Published in News
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As predicted Judge David Harvey (who called the US “The Enemy” in Copyright Law) has stepped down from presiding over the Dotcom extradition case. Yesterday we reported on Harvey’s views of the US Government’s (and entertainment industry’s) efforts to force US copyright laws on foreign countries as a requirement of trade agreements. This move, by the US, has sparked quite a bit of debate including whether the US Trade Rep has the authority to enact these deals without congressional oversight. With ACTA and TPP the USTR has had more meetings with the entertainment industry than with the congressional bodies that are supposed to handle oversight on these treaties.

Published in Editorials
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We have previously reported that the US entertainment industry is trying very hard to push their version of the “law” out to the rest of the world. They have, quite literally, spent billions of dollars lobbying and campaigning to get the laws made in their favor. Now the fact that these laws include exceptionally oppressive measures, remove due process and also make even the most mundane violations into major crimes does not concern them. All they want to do is make sure that they keep control of the content and the money it brings in.

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73We have been following the MegaUpload case very closely since it was revealed that the FBI probably overstepped their bounds in both the requesting of search warrants for the Dotcom mansion and in taking evidence back to the US without judicial review to make sure the evidence was relevant to the case. Now there is the possibility that the MPAA and others met with Vice President Joe Biden to request he push for the MegaUpload take down. This is something that many already believe, but now it seems there might be some evidence to make this claim more credible.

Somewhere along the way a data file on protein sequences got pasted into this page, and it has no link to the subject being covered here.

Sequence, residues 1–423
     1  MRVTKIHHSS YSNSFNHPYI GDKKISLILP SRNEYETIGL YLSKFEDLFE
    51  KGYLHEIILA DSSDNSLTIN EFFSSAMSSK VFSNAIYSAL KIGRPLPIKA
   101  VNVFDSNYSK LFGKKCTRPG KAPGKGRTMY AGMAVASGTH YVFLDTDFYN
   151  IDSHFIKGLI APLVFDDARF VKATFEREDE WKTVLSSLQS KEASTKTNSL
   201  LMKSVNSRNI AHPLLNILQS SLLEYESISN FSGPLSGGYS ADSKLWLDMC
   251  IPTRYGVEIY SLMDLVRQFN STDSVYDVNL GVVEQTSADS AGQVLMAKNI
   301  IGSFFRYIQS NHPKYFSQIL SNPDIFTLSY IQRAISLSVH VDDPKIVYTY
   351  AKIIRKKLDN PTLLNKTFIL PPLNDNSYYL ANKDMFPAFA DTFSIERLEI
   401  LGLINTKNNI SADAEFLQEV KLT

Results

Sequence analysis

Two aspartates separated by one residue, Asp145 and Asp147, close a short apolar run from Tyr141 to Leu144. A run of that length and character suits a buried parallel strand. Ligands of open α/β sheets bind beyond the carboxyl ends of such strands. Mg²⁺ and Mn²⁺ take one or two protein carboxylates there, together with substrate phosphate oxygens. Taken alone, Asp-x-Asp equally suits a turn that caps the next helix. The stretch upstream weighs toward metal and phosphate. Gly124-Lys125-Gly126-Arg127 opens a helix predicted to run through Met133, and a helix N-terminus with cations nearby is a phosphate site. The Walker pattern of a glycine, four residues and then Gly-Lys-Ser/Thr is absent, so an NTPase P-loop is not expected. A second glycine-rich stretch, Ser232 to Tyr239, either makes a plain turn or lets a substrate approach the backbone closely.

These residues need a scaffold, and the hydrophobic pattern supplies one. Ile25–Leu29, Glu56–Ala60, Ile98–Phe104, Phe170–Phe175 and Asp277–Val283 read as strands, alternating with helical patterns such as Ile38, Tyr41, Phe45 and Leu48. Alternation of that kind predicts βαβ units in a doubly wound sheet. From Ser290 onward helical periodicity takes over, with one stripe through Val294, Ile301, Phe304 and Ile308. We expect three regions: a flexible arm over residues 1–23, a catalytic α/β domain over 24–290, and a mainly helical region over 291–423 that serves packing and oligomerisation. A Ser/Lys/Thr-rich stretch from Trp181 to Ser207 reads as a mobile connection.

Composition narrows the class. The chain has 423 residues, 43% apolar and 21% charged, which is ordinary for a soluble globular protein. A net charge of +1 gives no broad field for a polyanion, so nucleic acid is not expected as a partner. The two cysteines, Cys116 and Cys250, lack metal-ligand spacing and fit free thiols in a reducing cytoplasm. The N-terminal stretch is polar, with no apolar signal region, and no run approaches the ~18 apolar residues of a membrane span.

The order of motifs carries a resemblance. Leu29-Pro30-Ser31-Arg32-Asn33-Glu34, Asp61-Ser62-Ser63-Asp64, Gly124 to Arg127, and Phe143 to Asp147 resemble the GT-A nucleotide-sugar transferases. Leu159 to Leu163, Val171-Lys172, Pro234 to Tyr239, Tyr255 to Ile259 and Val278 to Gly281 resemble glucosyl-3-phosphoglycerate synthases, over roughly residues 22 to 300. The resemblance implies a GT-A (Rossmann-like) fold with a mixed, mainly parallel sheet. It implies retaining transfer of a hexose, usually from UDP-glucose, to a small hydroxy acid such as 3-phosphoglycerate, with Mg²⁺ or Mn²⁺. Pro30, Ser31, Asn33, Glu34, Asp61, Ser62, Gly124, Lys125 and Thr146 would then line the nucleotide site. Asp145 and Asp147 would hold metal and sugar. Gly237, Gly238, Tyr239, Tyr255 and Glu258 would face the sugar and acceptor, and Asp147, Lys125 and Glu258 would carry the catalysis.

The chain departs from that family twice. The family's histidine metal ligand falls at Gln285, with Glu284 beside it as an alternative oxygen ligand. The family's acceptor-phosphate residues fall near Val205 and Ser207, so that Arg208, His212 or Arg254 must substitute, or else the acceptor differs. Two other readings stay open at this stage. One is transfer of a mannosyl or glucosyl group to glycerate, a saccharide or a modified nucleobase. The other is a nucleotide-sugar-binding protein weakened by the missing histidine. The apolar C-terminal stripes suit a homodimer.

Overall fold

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73As we follow the MegaUpload case and by extension the case of Kim Dotcom and six other managers in the company we are finding out more and more about the US governments case against the file sharing site. Yesterday we published a two part article about some of the tactics used in the case that has slid from being active and interesting into a long siege with the US attempting to stop access to both funds and legal representation. Now we are finding out more about the original “evidence” against the corporation and the seven individuals.

Published in Editorials

49019-castle-under-siege-illustrationAlthough we have covered some of the MegaUpload case we have not really followed all of the ins and outs in the troubled and lopsided case. On the one hand almost everyone can agree that people should pay for their content, but in most cases the opinions about what has been done to the cloud storage service are against what the US DoJ has done. On the word of the MPAA and RIAA (yes it was only their accusations) the FBI and others began a costly investigation into MegaUpload and in the end came up with an indictment against a non-US based company (where the US has no jurisdiction) and seven members of its management team (most of which have never entered the US).